Is anyone surprised that Tony Parker is doing this good (20.3 points, 9 assists) early in the season? Probably not. He’s been the best player for the San Antonio Spurs for a few years now. But Tim Duncan? At 36, you’d expect the greatest power forward of all time to take it easier in the regular season, but he’s off to a great start as well, averaging 21 points, 10 rebounds and 3 blocks per game.
Give Tim Duncan a center like Al Jefferson to play against every night and he’ll put up big numbers with ease. Duncan finished with 19 points and 11 rebounds as the Spurs dominated a team they had no problem with in the playoffs last season. Yes, there was that 24-5 run by the Jazz, led by Mo Williams (29 points) in the third quarter that brought them to a 79-79 tie before the 4th began.
Then Duncan went back to work, the defense intensity went up and the Jazz simply struggled getting shots up. Tony Parker, as expected, was big in the closing minutes, with six points and three assists in the final 5 minutes. He finished with 24 points and 10 assists, as the Spurs didn’t need a last-second shot to win the game for the first time this season, improving to 3-0 for the first time since 2007-2008.
Back to Duncan, who shouldn’t be looking this good at 36. But without the feet injuries that troubled him in the past and a good rest this summer, he’s looking fresh and All-Star good to kick off the season. How long can it last without trimming down his minutes remains to be seen, but he’s moving great on offense and it looks like his aggression and timing on defense, especially with his blocking is at the best that it has been for quite some time.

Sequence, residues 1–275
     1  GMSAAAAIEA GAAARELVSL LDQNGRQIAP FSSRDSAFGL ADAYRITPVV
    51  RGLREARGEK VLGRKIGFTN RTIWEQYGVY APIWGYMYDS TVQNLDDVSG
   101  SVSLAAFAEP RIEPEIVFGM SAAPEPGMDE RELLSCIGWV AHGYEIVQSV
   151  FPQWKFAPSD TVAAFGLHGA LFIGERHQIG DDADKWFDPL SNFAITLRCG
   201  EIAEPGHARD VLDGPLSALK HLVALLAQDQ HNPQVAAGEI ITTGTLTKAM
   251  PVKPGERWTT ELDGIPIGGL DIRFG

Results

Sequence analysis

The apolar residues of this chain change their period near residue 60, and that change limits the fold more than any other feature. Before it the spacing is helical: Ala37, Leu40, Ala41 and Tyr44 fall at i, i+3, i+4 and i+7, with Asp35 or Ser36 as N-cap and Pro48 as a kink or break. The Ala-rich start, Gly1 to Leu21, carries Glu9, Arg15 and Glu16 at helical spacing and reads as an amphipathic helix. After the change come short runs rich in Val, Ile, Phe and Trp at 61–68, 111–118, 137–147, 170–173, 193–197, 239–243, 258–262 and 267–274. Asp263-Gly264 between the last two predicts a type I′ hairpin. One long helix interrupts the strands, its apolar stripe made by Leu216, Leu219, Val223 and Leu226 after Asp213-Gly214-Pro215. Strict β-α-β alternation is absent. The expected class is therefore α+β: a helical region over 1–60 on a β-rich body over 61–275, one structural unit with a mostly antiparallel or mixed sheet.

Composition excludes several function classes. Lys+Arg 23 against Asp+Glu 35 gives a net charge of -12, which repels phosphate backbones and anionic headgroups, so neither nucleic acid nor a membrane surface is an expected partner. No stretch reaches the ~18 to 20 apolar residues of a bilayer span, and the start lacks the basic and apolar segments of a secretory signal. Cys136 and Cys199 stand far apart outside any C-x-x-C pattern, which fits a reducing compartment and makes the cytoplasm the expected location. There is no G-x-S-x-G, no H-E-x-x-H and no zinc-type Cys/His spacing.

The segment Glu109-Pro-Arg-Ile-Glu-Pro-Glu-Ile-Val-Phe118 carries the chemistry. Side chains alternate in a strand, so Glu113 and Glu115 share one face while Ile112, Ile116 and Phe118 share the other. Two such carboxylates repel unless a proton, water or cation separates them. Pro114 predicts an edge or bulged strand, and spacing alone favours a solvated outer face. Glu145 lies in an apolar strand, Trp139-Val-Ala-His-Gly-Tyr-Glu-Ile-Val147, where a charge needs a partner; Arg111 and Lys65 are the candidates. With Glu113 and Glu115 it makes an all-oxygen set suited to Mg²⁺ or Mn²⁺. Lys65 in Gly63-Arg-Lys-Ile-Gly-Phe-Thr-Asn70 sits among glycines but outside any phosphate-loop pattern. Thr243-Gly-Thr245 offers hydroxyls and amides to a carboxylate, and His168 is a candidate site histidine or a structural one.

Again, expect his minutes to start dropping at a certain point; I’m pretty sure the plan is to make him play less than 33-32 minutes a night if possible, but that also means Tiago Splitter needs to start showing a bit more when he’s on the court, instead of matching his point number with the fouls he committed, finishing with 5 each against Utah. The Spurs’ bench added 31 points to the effort, compared with only 15 from the Jazz.
The biggest addition from the bench, emotionally at least, was Manu Ginobili, playing his first NBA game of the season. Can he ever have a campaign without any injury problems? Doubtful, but now he’s back, and he’ll probably be adjusting slowly to pretty much the same team that was here last season, be it as a starter or as a sixth man. For his 2012-2013 debut, Ginobili settled for 16 minutes and 8 points, shooting 4-7 from the field. Not bad for a rusty old man.
NBA starts are deceptive, good and bad. With the Spurs, because this team hardly changed anything from last season, you know where you’re standing. The premise is that it can only get better from here, but the need to give Duncan and even Parker the right amount of rest during the season is equaled by the need for Gary Neal & Tiago Splitter to contribute more while hoping that Manu Ginobili doesn’t miss anymore games.